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16. IJHSS - Humaities - Educational Level and Its Influence on Modernization - Tarali Pathak

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The present study was conducted on women teachers to assess their modernization in relation to their educational level of Sonitpur district of Assam. A sample of 245 women teachers of secondary schools having graduated and postgraduate level of education were selected through using stratified random sampling method. The modernization scale developed by R. S. Singh, A.N. Tripathi, Ramji Lal Ojha was administered for collecting data. The findings of the study reveal that educational level has positive influence on the modernization of women teachers.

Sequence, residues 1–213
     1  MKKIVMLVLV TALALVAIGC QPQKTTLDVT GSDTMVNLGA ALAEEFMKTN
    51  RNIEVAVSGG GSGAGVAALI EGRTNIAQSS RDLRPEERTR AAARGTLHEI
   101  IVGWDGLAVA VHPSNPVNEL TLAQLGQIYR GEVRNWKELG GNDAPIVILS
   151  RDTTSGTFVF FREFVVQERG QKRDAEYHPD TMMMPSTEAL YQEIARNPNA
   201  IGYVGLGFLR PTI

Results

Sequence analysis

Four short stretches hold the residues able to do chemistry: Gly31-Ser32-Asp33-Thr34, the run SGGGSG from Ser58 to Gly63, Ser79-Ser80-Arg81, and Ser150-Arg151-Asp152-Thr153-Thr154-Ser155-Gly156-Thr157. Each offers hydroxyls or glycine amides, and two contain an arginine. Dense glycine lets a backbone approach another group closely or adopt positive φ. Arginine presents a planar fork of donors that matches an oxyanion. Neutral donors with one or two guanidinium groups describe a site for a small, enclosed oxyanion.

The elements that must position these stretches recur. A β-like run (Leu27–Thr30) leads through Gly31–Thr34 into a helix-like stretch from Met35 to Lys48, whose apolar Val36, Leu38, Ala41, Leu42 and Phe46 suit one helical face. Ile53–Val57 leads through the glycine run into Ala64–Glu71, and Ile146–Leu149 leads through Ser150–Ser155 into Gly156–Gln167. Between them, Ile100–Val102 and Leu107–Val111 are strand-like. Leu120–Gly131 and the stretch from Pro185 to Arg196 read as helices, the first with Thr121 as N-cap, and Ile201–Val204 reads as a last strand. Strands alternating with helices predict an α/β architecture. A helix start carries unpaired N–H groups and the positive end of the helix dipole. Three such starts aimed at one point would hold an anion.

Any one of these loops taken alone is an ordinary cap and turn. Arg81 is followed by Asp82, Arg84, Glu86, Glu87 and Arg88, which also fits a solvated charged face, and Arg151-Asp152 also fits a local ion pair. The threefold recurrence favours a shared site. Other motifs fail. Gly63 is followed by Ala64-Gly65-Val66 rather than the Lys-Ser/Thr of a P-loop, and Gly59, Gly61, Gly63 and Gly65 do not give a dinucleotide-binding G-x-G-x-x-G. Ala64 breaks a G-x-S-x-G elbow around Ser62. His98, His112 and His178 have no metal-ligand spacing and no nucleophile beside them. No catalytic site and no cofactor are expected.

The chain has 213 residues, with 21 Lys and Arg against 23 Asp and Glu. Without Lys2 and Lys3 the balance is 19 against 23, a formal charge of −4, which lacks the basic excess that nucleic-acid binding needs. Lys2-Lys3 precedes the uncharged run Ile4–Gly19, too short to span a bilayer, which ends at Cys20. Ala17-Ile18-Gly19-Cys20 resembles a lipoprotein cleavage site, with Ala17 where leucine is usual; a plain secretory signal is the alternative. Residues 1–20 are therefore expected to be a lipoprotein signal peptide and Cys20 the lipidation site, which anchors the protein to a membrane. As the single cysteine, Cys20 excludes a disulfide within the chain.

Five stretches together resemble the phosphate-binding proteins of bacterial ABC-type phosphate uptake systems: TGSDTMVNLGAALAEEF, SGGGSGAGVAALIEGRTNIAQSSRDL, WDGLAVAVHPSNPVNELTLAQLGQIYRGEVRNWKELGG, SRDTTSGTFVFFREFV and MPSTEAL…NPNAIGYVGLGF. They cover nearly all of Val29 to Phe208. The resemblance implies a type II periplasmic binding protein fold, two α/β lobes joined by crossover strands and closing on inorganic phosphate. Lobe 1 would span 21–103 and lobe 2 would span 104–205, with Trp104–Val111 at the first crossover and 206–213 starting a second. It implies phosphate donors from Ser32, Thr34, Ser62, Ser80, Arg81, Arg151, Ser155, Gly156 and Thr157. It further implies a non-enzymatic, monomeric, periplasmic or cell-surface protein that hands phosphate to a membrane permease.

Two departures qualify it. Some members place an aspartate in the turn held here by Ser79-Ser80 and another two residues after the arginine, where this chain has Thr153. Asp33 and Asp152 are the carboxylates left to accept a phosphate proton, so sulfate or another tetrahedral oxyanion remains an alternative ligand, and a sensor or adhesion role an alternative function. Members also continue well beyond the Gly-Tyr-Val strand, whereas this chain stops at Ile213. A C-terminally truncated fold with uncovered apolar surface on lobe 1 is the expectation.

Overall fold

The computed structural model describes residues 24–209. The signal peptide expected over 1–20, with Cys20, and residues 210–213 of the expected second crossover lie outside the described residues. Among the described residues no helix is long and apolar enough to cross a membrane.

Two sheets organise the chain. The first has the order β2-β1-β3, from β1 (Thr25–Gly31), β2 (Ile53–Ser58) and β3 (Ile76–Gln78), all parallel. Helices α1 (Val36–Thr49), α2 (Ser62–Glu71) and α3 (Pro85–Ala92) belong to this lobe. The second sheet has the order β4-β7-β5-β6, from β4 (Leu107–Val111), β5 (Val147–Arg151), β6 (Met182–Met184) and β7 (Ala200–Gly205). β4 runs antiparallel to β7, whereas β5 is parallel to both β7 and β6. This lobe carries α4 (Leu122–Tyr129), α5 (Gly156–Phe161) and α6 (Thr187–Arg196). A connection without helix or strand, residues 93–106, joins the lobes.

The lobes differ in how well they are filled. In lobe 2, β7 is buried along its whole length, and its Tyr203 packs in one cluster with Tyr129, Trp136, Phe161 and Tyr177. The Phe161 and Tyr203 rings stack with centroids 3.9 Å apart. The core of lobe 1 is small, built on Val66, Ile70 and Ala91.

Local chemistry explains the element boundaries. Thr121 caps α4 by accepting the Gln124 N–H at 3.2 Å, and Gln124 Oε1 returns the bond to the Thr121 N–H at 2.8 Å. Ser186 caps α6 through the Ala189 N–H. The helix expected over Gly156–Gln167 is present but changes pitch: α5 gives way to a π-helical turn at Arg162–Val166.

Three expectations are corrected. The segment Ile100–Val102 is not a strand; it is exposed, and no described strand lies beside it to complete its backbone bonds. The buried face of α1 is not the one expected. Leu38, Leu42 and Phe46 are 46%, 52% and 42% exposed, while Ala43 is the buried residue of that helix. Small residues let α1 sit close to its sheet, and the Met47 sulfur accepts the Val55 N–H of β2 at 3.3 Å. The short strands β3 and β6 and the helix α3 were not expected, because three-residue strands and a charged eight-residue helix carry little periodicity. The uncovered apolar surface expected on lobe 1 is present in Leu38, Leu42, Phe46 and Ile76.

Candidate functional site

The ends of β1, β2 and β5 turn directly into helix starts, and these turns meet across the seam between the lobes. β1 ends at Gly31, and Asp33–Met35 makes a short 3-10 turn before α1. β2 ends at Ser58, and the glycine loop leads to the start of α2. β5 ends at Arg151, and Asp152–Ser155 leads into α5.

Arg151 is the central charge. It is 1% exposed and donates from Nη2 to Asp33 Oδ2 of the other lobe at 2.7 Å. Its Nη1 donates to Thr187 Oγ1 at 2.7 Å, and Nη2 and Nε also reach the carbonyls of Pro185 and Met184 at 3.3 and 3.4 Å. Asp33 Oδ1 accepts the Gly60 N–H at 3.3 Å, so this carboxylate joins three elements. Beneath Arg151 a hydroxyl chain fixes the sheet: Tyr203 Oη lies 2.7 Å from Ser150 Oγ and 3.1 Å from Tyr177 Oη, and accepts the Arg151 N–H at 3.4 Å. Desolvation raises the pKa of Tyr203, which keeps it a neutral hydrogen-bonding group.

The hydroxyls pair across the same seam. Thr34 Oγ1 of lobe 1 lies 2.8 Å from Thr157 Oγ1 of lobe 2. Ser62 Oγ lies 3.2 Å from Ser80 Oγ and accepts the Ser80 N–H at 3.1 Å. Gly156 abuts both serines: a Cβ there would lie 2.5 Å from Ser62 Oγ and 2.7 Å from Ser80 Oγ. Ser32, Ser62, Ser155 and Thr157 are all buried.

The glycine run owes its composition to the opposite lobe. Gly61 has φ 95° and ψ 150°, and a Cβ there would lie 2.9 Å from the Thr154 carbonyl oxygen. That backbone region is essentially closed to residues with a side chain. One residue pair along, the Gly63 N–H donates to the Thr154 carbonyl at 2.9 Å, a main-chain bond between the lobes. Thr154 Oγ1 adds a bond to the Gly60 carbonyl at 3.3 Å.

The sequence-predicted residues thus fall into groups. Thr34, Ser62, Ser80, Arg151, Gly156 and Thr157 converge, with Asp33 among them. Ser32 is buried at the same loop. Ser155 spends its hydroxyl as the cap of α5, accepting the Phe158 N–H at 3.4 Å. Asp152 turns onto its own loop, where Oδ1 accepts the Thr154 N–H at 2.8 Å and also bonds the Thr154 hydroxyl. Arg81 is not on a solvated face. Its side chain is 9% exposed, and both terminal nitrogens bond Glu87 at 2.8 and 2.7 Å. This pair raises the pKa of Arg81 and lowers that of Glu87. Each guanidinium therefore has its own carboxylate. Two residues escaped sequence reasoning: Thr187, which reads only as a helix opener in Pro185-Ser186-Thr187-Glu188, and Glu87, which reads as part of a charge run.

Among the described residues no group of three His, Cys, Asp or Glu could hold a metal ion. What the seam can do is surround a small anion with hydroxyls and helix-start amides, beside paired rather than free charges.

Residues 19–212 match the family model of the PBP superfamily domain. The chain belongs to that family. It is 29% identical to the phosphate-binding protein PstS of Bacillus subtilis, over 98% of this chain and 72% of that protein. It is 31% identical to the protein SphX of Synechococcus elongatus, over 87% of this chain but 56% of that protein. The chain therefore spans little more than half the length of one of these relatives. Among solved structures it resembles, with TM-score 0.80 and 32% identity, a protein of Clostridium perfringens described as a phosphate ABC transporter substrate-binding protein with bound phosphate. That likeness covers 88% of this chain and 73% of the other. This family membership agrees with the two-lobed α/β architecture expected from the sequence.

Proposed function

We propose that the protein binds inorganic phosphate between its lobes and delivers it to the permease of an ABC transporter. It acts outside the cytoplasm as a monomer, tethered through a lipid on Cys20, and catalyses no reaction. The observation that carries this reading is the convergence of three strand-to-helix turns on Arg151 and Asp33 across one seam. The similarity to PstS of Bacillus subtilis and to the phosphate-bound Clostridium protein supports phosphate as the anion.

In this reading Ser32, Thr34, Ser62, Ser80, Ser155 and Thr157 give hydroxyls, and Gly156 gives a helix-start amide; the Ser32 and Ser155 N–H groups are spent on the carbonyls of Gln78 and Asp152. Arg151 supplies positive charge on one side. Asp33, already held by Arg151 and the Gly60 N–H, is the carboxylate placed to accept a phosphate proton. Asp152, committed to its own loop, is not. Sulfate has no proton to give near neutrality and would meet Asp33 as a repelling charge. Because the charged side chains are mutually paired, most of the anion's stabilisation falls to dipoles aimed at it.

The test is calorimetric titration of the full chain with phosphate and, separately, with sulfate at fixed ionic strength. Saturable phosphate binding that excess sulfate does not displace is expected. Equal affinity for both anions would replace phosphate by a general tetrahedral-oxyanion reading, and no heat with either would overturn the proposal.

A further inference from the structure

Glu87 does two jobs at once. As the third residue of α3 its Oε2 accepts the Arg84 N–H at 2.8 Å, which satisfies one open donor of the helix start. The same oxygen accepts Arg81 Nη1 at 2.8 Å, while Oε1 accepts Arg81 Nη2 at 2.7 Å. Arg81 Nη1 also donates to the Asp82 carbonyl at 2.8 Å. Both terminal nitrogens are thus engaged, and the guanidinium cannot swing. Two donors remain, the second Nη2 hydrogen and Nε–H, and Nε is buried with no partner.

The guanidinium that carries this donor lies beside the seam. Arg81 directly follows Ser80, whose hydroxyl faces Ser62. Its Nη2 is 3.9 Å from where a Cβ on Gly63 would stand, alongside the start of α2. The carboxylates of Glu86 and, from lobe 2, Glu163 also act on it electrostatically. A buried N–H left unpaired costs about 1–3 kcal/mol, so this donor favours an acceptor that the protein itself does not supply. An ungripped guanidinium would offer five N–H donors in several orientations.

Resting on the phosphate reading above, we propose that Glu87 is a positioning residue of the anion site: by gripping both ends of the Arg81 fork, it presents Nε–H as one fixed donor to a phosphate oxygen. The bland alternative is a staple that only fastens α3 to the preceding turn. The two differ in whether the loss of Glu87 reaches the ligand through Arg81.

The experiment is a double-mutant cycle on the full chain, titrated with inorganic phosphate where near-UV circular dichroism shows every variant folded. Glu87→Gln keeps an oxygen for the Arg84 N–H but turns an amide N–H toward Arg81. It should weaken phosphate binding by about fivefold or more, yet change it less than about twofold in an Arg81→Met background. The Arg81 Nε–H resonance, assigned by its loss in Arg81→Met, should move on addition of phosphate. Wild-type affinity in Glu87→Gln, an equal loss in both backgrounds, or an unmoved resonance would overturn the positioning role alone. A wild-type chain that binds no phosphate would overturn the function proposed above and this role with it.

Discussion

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    www.iaset.us editor@iaset.us EDUCATIONAL LEVEL AND ITS INFLUENCE ON MODERNIZATION OF WOMEN TEACHERS OF SONITPUR DISTRICT, ASSAM NILIMA BHAGABATI 1  & TARALI PATHAK 2   1 Professor, Department of Education, Gauhati University, Guwahati, Assam, India 2 Research Scholar, Department of Edcation, Gauhati University, Guwahati, Assam, India ABSTRACT The present study was conducted on women teachers to assess their modernization in relation to their educational level of Sonitpur district of Assam. A sample of 245 women teachers of secondary schools having graduated and postgraduate level of education were selected through using stratified random sampling method. The modernization scale developed by R. S. Singh, A.N. Tripathi, Ramji Lal Ojha was administered for collecting data. The findings of the study reveal that educational level has positive influence on the modernization of women teachers . KEYWORDS:  Educational Level, Modernization, Women Teachers INTRODUCTION  Modernization as a concept gained currency in the social sciences by the 19 th  century following after industrial revolution. In general the word modernization implies ‘something new’. The dictionary meaning of modernization refers to the process of becoming modern, adapting modern ways etc. the etymology of the word comes from the Latin root ‘modo’ which means just now. Modernization is widely perceived as uniquely western practice that non-western societies could tag on and it is interpreted as orientation and blind adaptation of the people’s behaviour, attitudes, beliefs and life-styles towards those developed countries. But if we think broadly modernization is not mere westernization. It may include many of the characteristics that western countries may have but it is more than this concept. But in a true sense, ‘Modernization’ refers to a process by which change occurs in the mental outlook of the people. Modernization implies a rational attitude towards various aspects of society. It symbolizes an attitude towards solving a problem from a universalistic point of view and not particularistic. Modernization is rooted in the scientific world view; it has a deeper and positive association with high levels of diffusion of scientific knowledge, technological skill and technological resources in a particular society. But commitment to scientific world view, the internationalization of humanistic and philosophical view point of science on contemporary problems is more important than the volume of technological development. (Yogendra, S.2012) Modernization is not an enforced process to any society. Societies are gradually becoming modern in a process. But it is hard to change the mindset of the people so easily. Some impetus is needed to accelerate the process of modernization. Education is the most important and prime agency which can prepare the people for modernization. Education, if looked at beyond its conventional boundaries, forms the very essence of all our actions. Education aims at the reformation of attitudes wrongly developed, it fosters participant democracy, impart values, make the people capable of think scientifically and act rationally. Though in the broad sense education can be obtained in any situation- formal or informal but in formal educational institutions teachers plays a very important role in educating the people specially our International Journal Humanities and Social Sciences (IJHSS) ISSN(P): 2319-393X; ISSN(E): 2319-3948 Vol. 3, Issue 5, Sep 2014, 153-160 © IASET    154 Nilima Bhagabati & Tarali Pathak Impact Factor (JCC): 2.3519 Index Copernicus Value (ICV): 3.0 future generations. And the responsibility of educating our future generation is in the hands of the teachers. A teacher affects eternity; he can never tell where his influence stops.” As a general rule, teachers teach more by what they are than by what they say. So, it is obvious that teachers’ attitude, behavior, personality etc. affect the people and particularly the student community. In simple words, it can be said that if any society has to soar the sky, then its teachers must develop modernity in their speaking, thinking and actions. Because, the society thinks tomorrow what the teachers thinks today. It is in this background; it is felt necessary to study the modernization of teaching community more particularly the women section as on one hand the holds an important role in modernizing the students and on the other hand most of them are still dominated in the male subjugated society. Various studies have been done to assess the relationship of education and modernization. Gore, et al    (1970),  in their findings revealed that education has a positive impact on modernity of students. The findings of the study of  Armer  and Youtz (1971)  also revealed the positive association between education and individual modernity.  Elarabi (1985)  conducted a study to examine the relationship between level of education, sex and age and a cluster of Sudanese values believed to be inversely related to modernization. It was found that education and modernization were positively correlated in the case of Sudanese bureaucrat regardless of his or her sex. The findings of Kalliath, R. P. (1988) revealed that   there is significant difference in the individual modernity of under-graduate and post graduate students. Post-graduate students were higher on individual modernity.  Prasad.R and Rai.R   (1990),   conducted study on a sample of 150 students drawn randomly from the U.G. (Under-Graduate) and PG (Post Graduate) Classes of Siwan and Chapra Distt., of Bihar University, Muzoffarpur and found that with rise in educational level there is rise in modernisation scores.    Jabeen, Zehra (1996)  made a case study on the education and social change of the middle class Muslim women in Hyderabad It was seen from the study that most of the educated women were against early marriage. The higher the educational level the higher the number against early marriage, dowry system.   Yadava, Surendar S.(2001) , observed that basic and functional education moulds the attitudes, perceptions and behaviour of the rural women thereby leads to their emancipation as they become the change agents by participating in the decision making process within and outside the family.  Malik, Puja, Gupta Swati and Jan, Anita (2013),  studied the attitude of undergraduate students towards modernization. The study revealed that stream of study had no influence on the attitude of students towards modernization in general but contributes a lot as far as the attitude of female under-graduates is concerned. From the above analysis it is found that most of the studies have been done on education and its influence of modernization. But no study has been done so far on the modernization of women teachers having graduation and post graduation as educational qualification. So in this study an attempt has been made to study the educational level and its influence on the modernization of women teachers. OBJECTIVES OF THE STUDY   ã   To find out the influence of educational level on dimensions of Modernization of Women in Teaching Profession. ã   To find out the influence of Educational Level on dimensions of Modernization of Women in Teaching Profession of Rural area. ã   To find out the influence of Educational Level on dimensions of Modernization of Women in Teaching Profession of Urban area.  Educational Level and its Influence on Modernization of Women Teachers of Sonitpur District, Assam 155 www.iaset.us editor@iaset.us   NULL HYPOTHESES Ho 1 :  There is no significant influence of Educational Level on dimensions Modernization of Women in Teaching Profession. Ho 2 :  There is no significant influence of Educational Level on Modernization of Women in Teaching Profession of Rural area. Ho 3 :  There is no significant influence of Educational Level on Modernization of Women in Teaching Profession of Urban area. METHODOLOGY The present study is conducted under Descriptive Survey Method. Population and Sample The present study aimed at a study on educational level and its influence on modernization of women in teaching profession in Provincialised Secondary Schools of Sonitpur district. As such the study includes all the women teachers who are graduate and above, working in all the provincialised Secondary and Higher Secondary schools of Sonitpur district as its population. It has been delimited to seven Community Development Blocks of Sonitpur District. As the study involves Level of Education (Graduate and Post-Graduate) and Locality as variables, a 2X2 factorial design was prepared and the whole population was stratified in to four stratums. These are Rural Graduate, Rural Post-graduate, Urban Graduate and Urban Post-graduate. Thereafter, 50% of populations from each stratum were randomly selected as samples for the study. There are a total of 490 women in teaching profession who are graduate and above in 84 secondary and higher secondary schools in the selected seven Community Development blocks of Sonitpur district of which 322 teachers are in rural areas (66 schools) and 168 are in urban areas (18 schools). Again of the 322 women teachers in rural areas, 228 are graduate and 94 are post-graduate, whereas with regard to population (women teachers) in urban areas which is 168 in number, 90 are graduate and 78 post-graduate. After making stratification in this way, a 50% of population has been selected randomly applying proportionate allocation from each stratum as sample for the study. Thus, the total samples for the study consists of 245 women teachers in Sonitpur district of which 161 are teachers in rural areas (114 graduate and 47 post-graduate) and 84 are teachers in urban areas (45 graduate and 39 post graduate). Data Gathering Tool Sl No. Name of the Tool Variables Investigated Contents of the Tool Developed by 1 MODERNIZATION SCALE Modernization Socio-Religious, Position of Women, Marriage and Education R. S. Singh, A.N. Tripathi, Ramji Lal Ojha The Modernization scale is self-administering. It can be administered in group or individually. The scale is consists of 32 statements with 6 possible expressions as “Complete Agreement”,” High Agreement’, “ Moderate Agreement”, “Moderate Disagreement”, “ High Disagreement”, “ Complete Disagreement” where scores has been assigned as 6,5,4,3,2,1 respectively. The respondents have to encircle the scores as per their range of agreement and  156 Nilima Bhagabati & Tarali Pathak Impact Factor (JCC): 2.3519 Index Copernicus Value (ICV): 3.0 disagreement. The statements are positive and negative both. The possibility of maximum score on the 32 statements of the scale is 192 and minimum score is 32. Treatment of Data The data were carefully and systematically analysed through employing most suitable statistical techniques like mean, standard deviation, t-test etc. RESULTS AND DISCUSSIONS   Objective I:   To Study the Influence of Educational Level on Dimensions of Modernization of Women in Teaching Profession.   Ho 1 : There is no significant influence of Educational Level on Dimensions Modernization of Women in Teaching Profession. Table 1: Mean Scores and Significance of Difference on Each of the Four Dimensions of Modernisation between Women in Teaching Profession Having Graduate and Post-Graduate Level of Education in Sonitpur District Dimensions of Modernisation Women in Teaching Profession T Status Graduate Group (N=159)   Post-Graduate Group (N=86)   Mean Sd S E M Mean sd S E M Socio-Religious 31.41 4.011 .318 33.24 4.284 .462 3.337 S Marriage 34.76 5.406 .429 35.79 4.713 .508 1.487 NS Position of Women 38.66 4.882 .387 40.53 3.769 .406 3.096 S Education 34.83 4.552 .361 36.01 4.230 .456 1.987 S Note:  S= Significant at .05 level; NS= Not Significant at .05 level The result presented in table 1 indicates the existence of significant difference between women teachers having graduate and postgraduate level of education with respect to three dimensions of modernization viz. socio-religious, position of women and education. As seen from the analysis the calculated ‘t’ value of 3.337 & 3.096 for the mean scores of the dimensions of socio-religious and position of women respectively between graduate and post-graduate group are significant at .01 level. Similarly, with regard to the education dimension, the‘t’ value of 1.987 is also found significant at .05 level. However, the t-value of 1.487 for the dimension of marriage is not high enough to be statistically significant at .05 level of confidence interval. The inference of the above findings is that variance in educational level brings significant variance in the mean score of three dimensions of modernization of women in teaching profession. In other words, it can be said that educational level has significant (positive) influence with regard to three dimensions of modernization of women in teaching profession. These are socio-religious, position of women and education. On the other hand, the influence educational level on the dimension of marriage is not statistically significant. Thus, the Ho   I stating “There is no significant influence of  Educational Level on dimensions Modernization of Women in Teaching Profession”    is partly retained and partly rejected. It is rejected with regard to socio-religious, position of women and education dimensions, where as the hypothesis is retained so far the dimension Marriage is concerned. The table 1 further shows that in all the three dimensions where significant difference is recorded viz. socio-religious, position of women and education, the post-graduate group scored significantly higher (mean score 33.24, 40.53